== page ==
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Old 01-29-2013, 05:32 PM   #27
travlerajm
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Quote:
Originally Posted by Cindysphinx View Post
Travlerajm, Will you marry me?

(Sorry, LeeD, I have found another!).

Honestly, I can count on two fingers the guys I have played with who understand Aussie and are willing to use it when the time is right.

OK, Seriously . . . one of my friends told me of a problem she was having in mixed, and I'd like opinions on it.

My friend is a 4.0 playing 8.0 mixed. She is a very consistent player, very old school. Conti grip on the FH. Likes to let the ball fall really low on the FH. Hits with not so much pace on serve, FH and BH.

Anyway, she was playing this match against a good 4.0 guy who was active at net. By her account (after eating a bagel), she simply could not get the ball past the guy when returning the woman's serve. The only service return that worked was if she hit a slice that tagged the doubles alley and stayed low. Everything else (crosscourt, DTL, lob) he crushed.

My advice to her was to stand as close to the service line as humanly possible and bunt the ball quickly crosscourt. That was my only idea.

Any other ideas?
Cyndy,
As someone who enjoys making life difficult for gals trying to hit returns past me, I'll let you in on a little secret: Guys like me like take away the easy shot and give you the hard shots. Your advice to crowd the service line was the right advice - if she doesn't do that she has no prayer to get it past me. But if she crowds the line, she has options.

To get it past me, she doesn't have to hit it super hard, but it has to be accurate.

Option 1. If you're going to get it past me cross-court, it's got to be a really sharp angle cross court (one that lands in the doubles alley inside the service line). If you aim for the typical deeper crosscourt return that you use with the lady friends, that's an easy poach winner for me (it crosses too close to the center of the court, which is my territory to defend). Again, if you don't have a lot of pace, you MUST crowd the service line to have a chance to execute this shot against me, otherwise I have time to cross and still reach it.

Option 2. Keep me honest. You've got to make me think about staying. Use the down the line alley at least once per game against an active netman. Believe it or not, a soft shot can work great here, because higher over the net is the optimum trajectory (aim 8 feet or so over the net). It's a lower trajectory than you would hit a lob, but the extra height means I have to be completely underneath it to reach it (I can't reach sideways), effectively meaning I have to move about 4 extra feet to my left to reach it than if the shot was hit with only 3 feet of net clearance. The same principle works for passing shots in singles too.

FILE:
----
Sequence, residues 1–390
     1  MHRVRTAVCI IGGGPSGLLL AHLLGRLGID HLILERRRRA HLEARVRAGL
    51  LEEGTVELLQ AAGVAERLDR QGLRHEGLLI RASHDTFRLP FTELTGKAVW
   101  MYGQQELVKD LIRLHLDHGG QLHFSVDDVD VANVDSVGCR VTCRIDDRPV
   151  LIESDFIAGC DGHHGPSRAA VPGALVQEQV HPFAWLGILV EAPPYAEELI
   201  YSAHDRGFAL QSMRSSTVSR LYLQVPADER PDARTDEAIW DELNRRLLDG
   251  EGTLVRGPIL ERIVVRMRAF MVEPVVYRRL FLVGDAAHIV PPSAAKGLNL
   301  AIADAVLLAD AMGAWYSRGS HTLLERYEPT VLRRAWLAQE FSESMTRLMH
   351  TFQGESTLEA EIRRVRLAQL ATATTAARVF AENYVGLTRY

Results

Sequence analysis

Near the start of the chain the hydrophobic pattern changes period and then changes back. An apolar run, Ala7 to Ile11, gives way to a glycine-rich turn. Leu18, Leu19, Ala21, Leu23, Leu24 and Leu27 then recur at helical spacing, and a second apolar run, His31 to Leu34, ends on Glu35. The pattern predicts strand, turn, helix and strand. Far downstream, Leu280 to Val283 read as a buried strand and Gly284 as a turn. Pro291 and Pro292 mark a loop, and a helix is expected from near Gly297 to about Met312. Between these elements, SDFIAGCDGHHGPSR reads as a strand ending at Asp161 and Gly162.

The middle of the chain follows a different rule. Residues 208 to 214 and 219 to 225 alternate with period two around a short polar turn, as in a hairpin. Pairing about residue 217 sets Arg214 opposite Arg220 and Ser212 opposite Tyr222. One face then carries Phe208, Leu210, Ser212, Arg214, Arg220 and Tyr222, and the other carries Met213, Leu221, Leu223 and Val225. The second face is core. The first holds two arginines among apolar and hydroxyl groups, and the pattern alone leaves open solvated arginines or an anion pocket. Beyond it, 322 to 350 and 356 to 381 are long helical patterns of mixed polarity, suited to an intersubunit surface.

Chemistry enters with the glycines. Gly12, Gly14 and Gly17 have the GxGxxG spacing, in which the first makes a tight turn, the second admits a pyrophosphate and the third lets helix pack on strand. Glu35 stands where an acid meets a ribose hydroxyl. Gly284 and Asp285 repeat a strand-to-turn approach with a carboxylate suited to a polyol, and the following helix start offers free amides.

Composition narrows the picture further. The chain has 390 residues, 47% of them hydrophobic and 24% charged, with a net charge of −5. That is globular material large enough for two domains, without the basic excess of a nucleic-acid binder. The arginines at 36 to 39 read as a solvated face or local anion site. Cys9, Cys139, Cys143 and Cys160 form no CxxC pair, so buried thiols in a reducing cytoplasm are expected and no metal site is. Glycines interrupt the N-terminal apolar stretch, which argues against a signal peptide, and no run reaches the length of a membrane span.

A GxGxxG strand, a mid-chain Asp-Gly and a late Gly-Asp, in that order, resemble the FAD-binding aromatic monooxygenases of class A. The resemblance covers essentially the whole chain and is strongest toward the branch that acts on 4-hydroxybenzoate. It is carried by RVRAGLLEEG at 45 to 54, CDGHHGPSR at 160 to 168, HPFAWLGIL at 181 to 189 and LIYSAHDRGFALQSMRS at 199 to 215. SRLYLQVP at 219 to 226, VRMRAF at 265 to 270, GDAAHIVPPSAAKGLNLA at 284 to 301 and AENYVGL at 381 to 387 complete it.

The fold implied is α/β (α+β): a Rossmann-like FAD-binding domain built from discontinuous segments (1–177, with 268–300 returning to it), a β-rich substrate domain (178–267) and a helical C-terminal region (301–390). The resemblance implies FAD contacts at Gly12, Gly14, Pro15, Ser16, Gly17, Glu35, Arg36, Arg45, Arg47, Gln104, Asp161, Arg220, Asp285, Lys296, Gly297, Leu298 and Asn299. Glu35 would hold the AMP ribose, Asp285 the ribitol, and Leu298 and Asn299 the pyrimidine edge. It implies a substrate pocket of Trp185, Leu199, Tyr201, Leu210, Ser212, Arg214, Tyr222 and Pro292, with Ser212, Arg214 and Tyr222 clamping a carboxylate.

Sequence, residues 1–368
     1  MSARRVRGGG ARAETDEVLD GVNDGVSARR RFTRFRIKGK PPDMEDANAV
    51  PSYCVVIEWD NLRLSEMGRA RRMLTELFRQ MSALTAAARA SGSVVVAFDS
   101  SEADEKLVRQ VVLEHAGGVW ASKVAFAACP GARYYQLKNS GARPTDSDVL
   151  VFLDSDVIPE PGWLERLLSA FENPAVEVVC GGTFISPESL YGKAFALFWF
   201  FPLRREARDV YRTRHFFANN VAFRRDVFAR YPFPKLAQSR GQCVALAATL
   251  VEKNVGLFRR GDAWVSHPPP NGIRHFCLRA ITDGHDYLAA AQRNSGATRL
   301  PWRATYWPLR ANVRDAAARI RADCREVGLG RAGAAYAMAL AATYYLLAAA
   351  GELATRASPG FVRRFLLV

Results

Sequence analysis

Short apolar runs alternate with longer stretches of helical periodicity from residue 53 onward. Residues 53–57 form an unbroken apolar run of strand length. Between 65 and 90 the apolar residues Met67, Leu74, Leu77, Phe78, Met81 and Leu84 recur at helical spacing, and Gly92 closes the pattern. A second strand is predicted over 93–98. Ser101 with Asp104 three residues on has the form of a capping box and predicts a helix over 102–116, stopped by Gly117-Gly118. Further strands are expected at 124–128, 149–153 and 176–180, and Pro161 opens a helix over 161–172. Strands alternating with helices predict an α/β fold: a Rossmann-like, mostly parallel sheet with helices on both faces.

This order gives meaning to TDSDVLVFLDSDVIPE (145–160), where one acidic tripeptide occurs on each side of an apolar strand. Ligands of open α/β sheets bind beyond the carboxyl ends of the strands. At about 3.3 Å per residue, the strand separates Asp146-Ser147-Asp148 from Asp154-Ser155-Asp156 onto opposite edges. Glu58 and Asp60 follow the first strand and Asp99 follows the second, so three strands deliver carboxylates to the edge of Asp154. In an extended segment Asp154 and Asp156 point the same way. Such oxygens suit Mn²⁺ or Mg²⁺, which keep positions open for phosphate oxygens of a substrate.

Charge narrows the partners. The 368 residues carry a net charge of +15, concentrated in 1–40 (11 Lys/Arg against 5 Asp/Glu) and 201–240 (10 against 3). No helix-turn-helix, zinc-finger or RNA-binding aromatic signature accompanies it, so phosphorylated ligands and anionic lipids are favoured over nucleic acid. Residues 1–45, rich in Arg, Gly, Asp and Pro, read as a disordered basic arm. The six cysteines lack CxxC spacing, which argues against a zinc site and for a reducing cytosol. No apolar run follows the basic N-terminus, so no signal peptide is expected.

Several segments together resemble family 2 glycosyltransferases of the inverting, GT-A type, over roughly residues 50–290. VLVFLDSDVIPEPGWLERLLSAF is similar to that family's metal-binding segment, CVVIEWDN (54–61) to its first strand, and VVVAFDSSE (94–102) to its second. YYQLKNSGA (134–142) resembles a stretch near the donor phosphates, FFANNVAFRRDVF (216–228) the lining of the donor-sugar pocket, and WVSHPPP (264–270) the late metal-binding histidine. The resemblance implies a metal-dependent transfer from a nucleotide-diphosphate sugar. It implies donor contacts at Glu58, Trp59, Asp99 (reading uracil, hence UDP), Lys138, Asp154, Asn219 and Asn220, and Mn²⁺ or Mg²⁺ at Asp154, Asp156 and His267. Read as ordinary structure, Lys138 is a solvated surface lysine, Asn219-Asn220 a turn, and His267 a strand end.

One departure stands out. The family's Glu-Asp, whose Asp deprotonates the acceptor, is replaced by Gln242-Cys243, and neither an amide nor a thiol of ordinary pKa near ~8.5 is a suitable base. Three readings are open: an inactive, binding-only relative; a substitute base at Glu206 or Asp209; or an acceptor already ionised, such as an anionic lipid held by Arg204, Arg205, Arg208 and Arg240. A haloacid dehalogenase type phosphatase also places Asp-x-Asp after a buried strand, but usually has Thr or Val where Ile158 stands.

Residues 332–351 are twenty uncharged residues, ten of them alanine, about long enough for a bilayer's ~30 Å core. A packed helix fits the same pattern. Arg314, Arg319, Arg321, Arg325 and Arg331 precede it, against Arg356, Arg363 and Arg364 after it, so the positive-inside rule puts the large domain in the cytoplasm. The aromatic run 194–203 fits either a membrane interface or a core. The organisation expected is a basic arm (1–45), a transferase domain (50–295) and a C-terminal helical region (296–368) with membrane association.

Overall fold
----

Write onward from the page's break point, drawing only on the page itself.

Option 3. Keep me honest with the lob. Active poachers like to cheat close to the net if you let us. Lob once a game to keep me honest. Even you miss your lob target and get it pounded, it will make me think about it and reduce my range a little. Don't be afraid to try it again.

As a 4.5 guy, when I'm returning in the same situation against an active netman, I can usually watch the netguy out of the corner of my eye and be patient, wait for him to make a move, then guide it past him. As a 4.0 gal, that may be trickier, but you might try practicing the hold-and-poke strategy, because it's not as hard as to get the hang of it as you might think. I see a lot of 4.0 guys who take the opposite approach and overhit trying to bang it past me in this situation - the hold-and-poke strategy is the percentage play - there's always somewhere I can't quite cover.

By "poke" I refer to any type of compact groundstroke.
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Last edited by travlerajm : 01-29-2013 at 05:45 PM.
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